Systems might change and Pep Guardiola probably begs to differ but Jake Wright is proving there is still a place for a good old fashioned centre-half.
“Hopefully there will always be a place for us although I like to think I can play a bit too. Listen, there are players in this team who I’d rather have on the ball than me any day of the week. But if I can win it and give it to them then, as far as I’m concerned, it’s job done.”
Defenders who tackle first and save the fancy stuff for later might be a dying breed in English football. But as Wright’s performances for Sheffield United demonstrate, they are worth their weight in gold. The League One leaders average 2.55 points per game when the 30-year-old features and, following Tuesday’s draw at Bristol Rovers, are still unbeaten with him in the team.
“I know a lot of people have been talking about my record,” Wright admits. “But, really, it’s just one of those things. The best thing about this side is the togetherness, that’s our strongest point. Whatever we achieve, it’s down to us all. Everybody, whether they are playing or not, chips in. We’re all in this as one big group.”
United enter tomorrow’s meeting with second-placed Scunthorpe five points clear of Graham Alexander’s side and seven ahead of Bolton Wanderers in third. Despite their achievements this season, Wright says he has yet to hear the ‘P’ word mentioned at Bramall Lane.
“Obviously lads go home and will look at the fixtures but, as a team and a club, we’re not. We’re just taking things game by game and step by step. We’re not talking about promotion, It would be disrespectful to other teams for us to do that and I don’t suppose anyone around us is doing it either.”
Chris Wilder, who yesterday dismissed suggestions that the scramble for the Championship is now a three horse-race, has assembled a relentlessly attack-minded team since taking charge nine months ago. But, after scoring 58 goals in only 31 outings, switching to a three man defence has arguably been his most effective tactical tweak.
“I like playing in a three. I prefer being in the centre,” Wright says. “This way, it suits the personnel. It suits us at the back and it suits the whole team. It means Sharpy (Billy Sharp) has got someone with him up front, it suits Mark Duffy being in the hole with Couttsy (Paul Coutts) and Flecky (John Fleck) behind him. We’re an attacking team but we’ve still got three centre-halves on the pitch.”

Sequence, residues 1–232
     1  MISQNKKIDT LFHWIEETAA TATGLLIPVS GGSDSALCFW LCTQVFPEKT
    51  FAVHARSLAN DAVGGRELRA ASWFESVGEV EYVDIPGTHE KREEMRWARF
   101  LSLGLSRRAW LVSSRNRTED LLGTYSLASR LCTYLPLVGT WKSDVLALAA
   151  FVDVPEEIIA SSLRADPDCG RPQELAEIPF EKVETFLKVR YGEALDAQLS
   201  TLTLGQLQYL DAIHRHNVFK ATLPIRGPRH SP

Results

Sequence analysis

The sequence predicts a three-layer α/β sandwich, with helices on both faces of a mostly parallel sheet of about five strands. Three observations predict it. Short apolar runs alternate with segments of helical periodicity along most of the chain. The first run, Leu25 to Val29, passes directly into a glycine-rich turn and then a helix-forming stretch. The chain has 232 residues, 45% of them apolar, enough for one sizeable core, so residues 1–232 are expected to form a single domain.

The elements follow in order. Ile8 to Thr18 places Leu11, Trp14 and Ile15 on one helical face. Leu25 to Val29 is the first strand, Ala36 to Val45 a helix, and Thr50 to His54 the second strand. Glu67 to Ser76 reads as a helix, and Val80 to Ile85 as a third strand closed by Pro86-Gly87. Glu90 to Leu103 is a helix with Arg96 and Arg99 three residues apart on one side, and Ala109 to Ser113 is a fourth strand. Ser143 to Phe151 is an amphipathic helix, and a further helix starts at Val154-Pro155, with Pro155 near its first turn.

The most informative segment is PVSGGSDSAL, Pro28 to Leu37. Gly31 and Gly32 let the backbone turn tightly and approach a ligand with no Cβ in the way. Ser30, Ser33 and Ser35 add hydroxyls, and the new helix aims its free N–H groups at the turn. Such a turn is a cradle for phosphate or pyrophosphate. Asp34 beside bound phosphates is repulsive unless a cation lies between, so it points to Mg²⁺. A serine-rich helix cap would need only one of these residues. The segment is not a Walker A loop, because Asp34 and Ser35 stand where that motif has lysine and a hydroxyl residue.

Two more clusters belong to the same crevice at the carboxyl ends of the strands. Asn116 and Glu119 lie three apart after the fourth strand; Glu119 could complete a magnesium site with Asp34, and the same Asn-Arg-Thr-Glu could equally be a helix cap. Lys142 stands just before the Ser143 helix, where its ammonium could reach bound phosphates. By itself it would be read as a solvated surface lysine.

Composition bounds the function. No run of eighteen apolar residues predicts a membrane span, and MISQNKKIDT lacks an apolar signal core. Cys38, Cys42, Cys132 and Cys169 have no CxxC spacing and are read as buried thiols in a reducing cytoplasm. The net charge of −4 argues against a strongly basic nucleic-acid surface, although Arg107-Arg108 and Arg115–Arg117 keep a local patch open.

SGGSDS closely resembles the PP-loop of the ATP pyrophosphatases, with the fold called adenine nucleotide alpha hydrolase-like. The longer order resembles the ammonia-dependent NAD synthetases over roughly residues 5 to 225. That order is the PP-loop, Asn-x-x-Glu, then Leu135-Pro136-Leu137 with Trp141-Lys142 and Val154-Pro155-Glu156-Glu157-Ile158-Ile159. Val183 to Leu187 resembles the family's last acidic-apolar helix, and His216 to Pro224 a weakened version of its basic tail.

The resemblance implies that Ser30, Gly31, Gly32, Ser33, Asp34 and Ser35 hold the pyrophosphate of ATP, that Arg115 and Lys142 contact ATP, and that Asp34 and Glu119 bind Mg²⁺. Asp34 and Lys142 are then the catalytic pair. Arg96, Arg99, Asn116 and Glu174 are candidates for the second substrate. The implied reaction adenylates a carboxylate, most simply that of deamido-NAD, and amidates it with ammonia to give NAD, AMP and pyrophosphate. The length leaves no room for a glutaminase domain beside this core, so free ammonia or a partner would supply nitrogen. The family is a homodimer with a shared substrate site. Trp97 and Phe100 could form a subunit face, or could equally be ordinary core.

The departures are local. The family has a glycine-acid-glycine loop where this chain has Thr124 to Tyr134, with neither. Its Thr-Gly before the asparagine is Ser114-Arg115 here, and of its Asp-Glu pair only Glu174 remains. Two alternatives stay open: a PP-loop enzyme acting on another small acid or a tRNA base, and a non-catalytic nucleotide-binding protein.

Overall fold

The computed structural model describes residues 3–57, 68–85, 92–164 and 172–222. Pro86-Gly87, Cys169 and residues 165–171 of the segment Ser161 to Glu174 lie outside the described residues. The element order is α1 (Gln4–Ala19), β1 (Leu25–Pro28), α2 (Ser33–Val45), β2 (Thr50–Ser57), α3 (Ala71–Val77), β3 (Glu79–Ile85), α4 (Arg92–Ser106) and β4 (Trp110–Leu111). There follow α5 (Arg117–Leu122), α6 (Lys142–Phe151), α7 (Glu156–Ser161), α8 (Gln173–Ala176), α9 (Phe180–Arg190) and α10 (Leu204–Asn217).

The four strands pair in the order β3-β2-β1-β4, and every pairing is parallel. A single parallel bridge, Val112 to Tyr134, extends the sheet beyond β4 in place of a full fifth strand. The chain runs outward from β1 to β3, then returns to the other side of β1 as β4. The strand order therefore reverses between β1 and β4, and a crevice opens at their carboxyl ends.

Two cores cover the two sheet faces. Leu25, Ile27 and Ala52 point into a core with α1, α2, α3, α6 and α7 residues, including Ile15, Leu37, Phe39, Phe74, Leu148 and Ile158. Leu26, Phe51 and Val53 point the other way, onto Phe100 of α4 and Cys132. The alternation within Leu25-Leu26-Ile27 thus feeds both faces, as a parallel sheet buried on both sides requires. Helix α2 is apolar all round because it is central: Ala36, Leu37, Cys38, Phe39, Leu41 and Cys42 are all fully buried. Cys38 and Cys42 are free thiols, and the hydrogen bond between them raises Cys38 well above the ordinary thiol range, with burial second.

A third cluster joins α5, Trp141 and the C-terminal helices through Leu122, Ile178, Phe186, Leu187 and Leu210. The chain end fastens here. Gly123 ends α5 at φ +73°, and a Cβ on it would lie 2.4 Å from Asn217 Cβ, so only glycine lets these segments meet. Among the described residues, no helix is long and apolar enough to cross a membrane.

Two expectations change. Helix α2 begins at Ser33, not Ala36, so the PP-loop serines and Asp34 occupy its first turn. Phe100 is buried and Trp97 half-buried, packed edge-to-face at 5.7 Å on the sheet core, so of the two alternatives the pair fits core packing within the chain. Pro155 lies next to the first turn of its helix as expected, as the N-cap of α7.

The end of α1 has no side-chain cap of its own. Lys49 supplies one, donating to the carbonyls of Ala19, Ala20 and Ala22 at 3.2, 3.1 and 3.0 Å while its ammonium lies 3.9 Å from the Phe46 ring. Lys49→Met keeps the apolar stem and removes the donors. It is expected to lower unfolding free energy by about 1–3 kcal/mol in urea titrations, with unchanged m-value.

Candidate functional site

“In the middle, I’m not expected to get forward. Ethan (Ebanks-Landell), Jack (O’Connell) and Bash (Chris Basham) are expected to get forward a little bit more and go on the overlap. But, if you do that, you can’t see everything that’s going on. That’s my job, the watch all of that unfolding and happening. I can stand there and try and organise from the back.
“(Goalkeeper) Simon (Moore) never shuts up,” Wright adds. “That’s what you want, you want communication. “Sometimes it doesn’t make sense but it keeps you on your toes. I’m the same. I’m sure the lads sometimes think what am I on about that for. But it helps to keep me on my toes too.”
Having emerged as an integral part of United’s three man rearguard, Wright is also a poster boy for Wilder’s campaign to wean Bramall Lane off its fascination for expensive, big money signings. A former Bradford City trainee, he made only one senior appearance before moving to Halifax Town in 2006 where, after replacing Neil Redfearn four years earlier, Wilder was still an up-and-coming non-league coach.
Like United’s manager, Wright has no regrets about learning his trade outside of an academy although, he admits, it was a tough experience at the time.
“It’s difficult to become a professional footballer, so many lads try it, get released and then go into non-league,” Wright says. “Obviously being in non-league, you’ve got that hunger. This is the biggest and the best club I’ve been at. But I’ve seen the other side and it’s not so good; not knowing where you are going to be training, if your kit is going to be there and if there’s going to be something to eat. Here, everything is done for you and that makes such a difference. You can just concentrate on your game.”
“At the end of my career, I might go back to that for a few years, non-league football,” he continues. “Who knows? I certainly wouldn’t be ashamed to do it. But I want to be here for as long as I can. Because I’m absolutely loving it.”
Wilder was so impressed with Wright’s attitude that, after taking charge of Oxford in 2008, he resurrected their partnership at the Kassam Stadium. A member of the squad which won the Conference play-off final later that season, Wright spent seven years in the south-east before, seven months ago, linking-up with his mentor again.
“We obviously know each other well,” Wright says. “But, when I came here, I didn’t get any guarantees. I know what the gaffer is like and you’ve got to work for everything. I had to bide my time and wait for an opportunity. Not so long ago, I found myself out of the team again. But you can still contribute, still help out. You’re always disappointed but you do that at home. When you come in, you’ve got to be bright and happy. Because it’s not about individuals, it’s about the team.”
That selfless approach goes a long way towards explaining why, despite Oxford’s doubts about his suitability, Wilder was convinced Wright would be the perfect addition to United’s defence.
“The more games I can go without being noticed the better,” he says. “It means we’re playing well. Obviously, everybody likes to get praise but, because of that, I’d be happy if I wasn’t talked about at all.”